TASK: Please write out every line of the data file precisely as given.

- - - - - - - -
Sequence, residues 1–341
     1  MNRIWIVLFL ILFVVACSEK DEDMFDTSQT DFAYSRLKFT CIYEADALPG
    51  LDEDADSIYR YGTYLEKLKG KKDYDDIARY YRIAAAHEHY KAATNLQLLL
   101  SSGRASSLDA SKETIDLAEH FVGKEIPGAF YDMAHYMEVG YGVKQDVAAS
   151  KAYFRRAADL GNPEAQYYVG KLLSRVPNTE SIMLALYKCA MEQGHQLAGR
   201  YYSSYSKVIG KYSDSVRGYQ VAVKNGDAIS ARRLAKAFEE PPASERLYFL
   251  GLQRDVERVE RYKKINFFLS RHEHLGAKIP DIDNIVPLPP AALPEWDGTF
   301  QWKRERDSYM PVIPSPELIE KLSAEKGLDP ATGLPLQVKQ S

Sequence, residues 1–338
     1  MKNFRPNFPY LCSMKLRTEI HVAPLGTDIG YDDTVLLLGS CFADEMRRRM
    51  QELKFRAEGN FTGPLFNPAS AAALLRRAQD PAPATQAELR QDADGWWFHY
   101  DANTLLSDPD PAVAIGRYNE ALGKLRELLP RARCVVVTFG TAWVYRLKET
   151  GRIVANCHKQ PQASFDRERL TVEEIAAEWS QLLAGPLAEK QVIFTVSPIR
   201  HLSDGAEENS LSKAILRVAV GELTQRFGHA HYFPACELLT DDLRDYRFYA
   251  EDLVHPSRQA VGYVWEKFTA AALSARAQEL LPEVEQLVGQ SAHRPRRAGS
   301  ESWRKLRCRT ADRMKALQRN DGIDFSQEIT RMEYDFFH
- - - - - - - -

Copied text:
Sequence, residues 1–341
     1  MNRIWIVLFL ILFVVACSEK DEDMFDTSQT DFAYSRLKFT CIYEADALPG
    51  LDEDADSIYR YGTYLEKLKG KKDYDDIARY YRIAAAHEHY KAATNLQLLL
   101  SSGRASSLDA SKETIDLAEH FVGKEIPGAF YDMAHYMEVG YGVKQDVAAS
   151  KAYFRRAADL GNPEAQYYVG KLLSRVPNTE SIMLALYKCA MEQGHQLAGR
   201  YYSSYSKVIG KYSDSVRGYQ VAVKNGDAIS ARRLAKAFEE PPASERLYFL
   251  GLQRDVERVE RYKKINFFLS RHEHLGAKIP DIDNIVPLPP AALPEWDGTF
   301  QWKRERDSYM PVIPSPELIE KLSAEKGLDP ATGLPLQVKQ S

Sequence, residues 1–338
     1  MKNFRPNFPY LCSMKLRTEI HVAPLGTDIG YDDTVLLLGS CFADEMRRRM
    51  QELKFRAEGN FTGPLFNPAS AAALLRRAQD PAPATQAELR QDADGWWFHY
   101  DANTLLSDPD PAVAIGRYNE ALGKLRELLP RARCVVVTFG TAWVYRLKET
   151  GRIVANCHKQ PQASFDRERL TVEEIAAEWS QLLAGPLAEK QVIFTVSPIR
   201  HLSDGAEENS LSKAILRVAV GELTQRFGHA HYFPACELLT DDLRDYRFYA
   251  EDLVHPSRQA VGYVWEKFTA AALSARAQEL LPEVEQLVGQ SAHRPRRAGS
   301  ESWRKLRCRT ADRMKALQRN DGIDFSQEIT RMEYDFFH